If the U.S. government wants to lessen chances of another Arab-Israeli war, it should help reinforce Israel's psychology of deterrence. In part, this means, of course, continuing the bilateral military cooperation and provision of new weapons systems. But these will avail little if the Israelis are demoralized. So it also means, as eighty-one senators point out in a letter to President Clinton, that "it would be a serious mistake for the United States to change from its traditional role as facilitator of the peace process to using public pressure against Israel."31 Pressure, as the senators correctly imply, needs to be primarily on the Arabs, the Palestinians in particular.

1 Quoted in Chaim Herzog, The Arab-Israeli Wars (New York: Viking Books, 1984), p. 320.
2 Interview with Aharon Levran, Apr. 5, 1998.
3 "Qol Yisra'el," Sept. 14, 1997.
4 Russkiy Izrailtyanim (Tel Aviv), May 12, 1998.
5 Yossi Klein Halevi, "Bitter Truths," The Jerusalem Report, Mar. 19, 1998.
6 Ibid.
7 Associated Press, July 25, 1993.
8 Ahmad Yasin, "spiritual leader" of Hamas, the Islamic Resistance Movement, may be the most important of these figures. Sentenced to thirteen years in April 1984 on charges of belonging to a hostile group and possession of weapons, he was exchanged in 1985. Arrested again in 1989, he was sentenced to fifteen years for his role in the kidnap and murder of two Israeli soldiers, but then released in 1998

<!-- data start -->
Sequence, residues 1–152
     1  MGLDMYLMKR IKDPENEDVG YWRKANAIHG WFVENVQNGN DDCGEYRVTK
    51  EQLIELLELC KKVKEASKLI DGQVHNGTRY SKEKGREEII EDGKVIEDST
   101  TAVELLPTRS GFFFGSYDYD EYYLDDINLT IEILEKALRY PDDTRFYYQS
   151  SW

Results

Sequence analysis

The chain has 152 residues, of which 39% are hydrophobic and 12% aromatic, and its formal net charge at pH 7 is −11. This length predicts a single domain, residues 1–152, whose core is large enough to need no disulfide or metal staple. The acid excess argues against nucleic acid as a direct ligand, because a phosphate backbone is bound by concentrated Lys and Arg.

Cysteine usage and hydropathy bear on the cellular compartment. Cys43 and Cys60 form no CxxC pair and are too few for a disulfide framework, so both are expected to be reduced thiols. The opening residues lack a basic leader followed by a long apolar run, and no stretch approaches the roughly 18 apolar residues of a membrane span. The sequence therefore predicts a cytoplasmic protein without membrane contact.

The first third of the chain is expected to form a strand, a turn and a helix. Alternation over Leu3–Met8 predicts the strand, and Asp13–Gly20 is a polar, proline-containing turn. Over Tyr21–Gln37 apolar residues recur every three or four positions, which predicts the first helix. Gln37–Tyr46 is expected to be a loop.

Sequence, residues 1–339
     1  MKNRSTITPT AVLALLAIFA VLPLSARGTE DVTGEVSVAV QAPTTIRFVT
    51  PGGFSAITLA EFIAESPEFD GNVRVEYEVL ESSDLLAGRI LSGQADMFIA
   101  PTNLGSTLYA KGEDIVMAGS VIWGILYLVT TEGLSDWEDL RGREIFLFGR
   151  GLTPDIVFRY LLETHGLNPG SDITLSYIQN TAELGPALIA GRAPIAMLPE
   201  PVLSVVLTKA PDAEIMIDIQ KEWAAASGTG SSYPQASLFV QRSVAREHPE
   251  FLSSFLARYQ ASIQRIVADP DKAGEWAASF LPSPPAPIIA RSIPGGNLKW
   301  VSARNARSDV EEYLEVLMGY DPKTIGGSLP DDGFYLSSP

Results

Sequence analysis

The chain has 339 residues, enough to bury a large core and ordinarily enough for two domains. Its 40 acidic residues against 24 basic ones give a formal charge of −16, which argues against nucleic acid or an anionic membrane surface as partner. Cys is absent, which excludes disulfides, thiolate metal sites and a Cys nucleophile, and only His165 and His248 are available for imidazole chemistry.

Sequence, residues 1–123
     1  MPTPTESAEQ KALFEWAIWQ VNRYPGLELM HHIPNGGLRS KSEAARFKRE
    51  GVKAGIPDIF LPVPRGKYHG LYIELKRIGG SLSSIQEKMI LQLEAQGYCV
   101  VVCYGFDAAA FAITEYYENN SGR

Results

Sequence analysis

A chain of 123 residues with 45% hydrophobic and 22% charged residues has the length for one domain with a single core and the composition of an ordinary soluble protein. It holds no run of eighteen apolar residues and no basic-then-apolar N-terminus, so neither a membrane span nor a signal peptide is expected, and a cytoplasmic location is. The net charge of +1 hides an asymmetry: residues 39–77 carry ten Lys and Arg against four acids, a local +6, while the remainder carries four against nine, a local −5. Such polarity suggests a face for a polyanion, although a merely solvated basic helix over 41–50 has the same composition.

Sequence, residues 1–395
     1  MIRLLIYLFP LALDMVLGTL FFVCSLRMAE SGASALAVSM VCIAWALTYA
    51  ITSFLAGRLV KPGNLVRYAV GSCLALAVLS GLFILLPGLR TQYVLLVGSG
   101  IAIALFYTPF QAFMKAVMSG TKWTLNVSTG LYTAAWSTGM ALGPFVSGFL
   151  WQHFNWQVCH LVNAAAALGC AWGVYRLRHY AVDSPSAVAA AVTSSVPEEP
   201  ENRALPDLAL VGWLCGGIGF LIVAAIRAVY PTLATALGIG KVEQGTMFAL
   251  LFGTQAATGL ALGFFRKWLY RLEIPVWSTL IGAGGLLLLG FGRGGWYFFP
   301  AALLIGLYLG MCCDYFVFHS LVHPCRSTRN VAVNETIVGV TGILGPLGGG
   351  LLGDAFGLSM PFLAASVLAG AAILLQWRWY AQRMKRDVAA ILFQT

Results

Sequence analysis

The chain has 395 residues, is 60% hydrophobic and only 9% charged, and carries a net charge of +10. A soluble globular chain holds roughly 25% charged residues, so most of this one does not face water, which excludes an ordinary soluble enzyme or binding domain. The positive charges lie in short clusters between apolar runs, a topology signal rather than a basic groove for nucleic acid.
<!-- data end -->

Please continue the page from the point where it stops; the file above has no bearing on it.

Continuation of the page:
9 The Washington Post, May 21, 1998.
10 Islamic Republic News Agency (Tehran), May 27, 1998.
11 JTA Daily News Bulletin, June 25, 1998.
12 Ma'ariv, June 9, 1998.
13 Ha'aretz, Apr. 1, 1996.
14 Ehud Sprinzak, "How Israel Misjudges Hamas and Its Terrorism," The Washington Post, Oct. 19, 1997.
15 Yedi'ot Aharonot, Mar. 20, 1998.
16 JTA Daily News Bulletin, Feb. 2, 1997.
17 Globes (Tel Aviv), Nov. 13, 1997.
18 Testimony before the Knesset Joint Economics Committee, Oct. 21, 1997.
19 Al-Wasat, cited in The Jerusalem Post, June 13, 1998.
20 Halevi, "Bitter Truths."
21 Adel S. Elias, "Wir Lieben den Tod," Der Spiegel, Oct. 20, 1997, pp. 204-8.
22 Al-Bilad, Nov. 7, 1997.
23 "Friday Sermon," Palestinian Authority Radio, Nov. 7, 1997.
24 For example, Orbit Satellite Televison (Egypt), Apr. 18, 1998.
25 Ha'aretz, Jan. 30, 1995.
26 News briefing at the Jewish Community Center of the District of Columbia, Washington, D.C., Oct. 27, 1997.
27 Yossi Melman, "Israel's Dark Secrets," The New York Times, Mar. 25, 1998.
28 The Washington Post, Nov. 15, 1997.
29 On which, see Anthony Zinni's comments in this issue, pp. 57-65.
30 Joshua Brillant, "We Can Deter Iraq," The Jerusalem Post, Sept. 19, 1990.
31 Senators Joseph Lieberman, Connie Mack, et. al., "Letter to The Honorable William Jefferson Clinton," Mar. 26, 1998.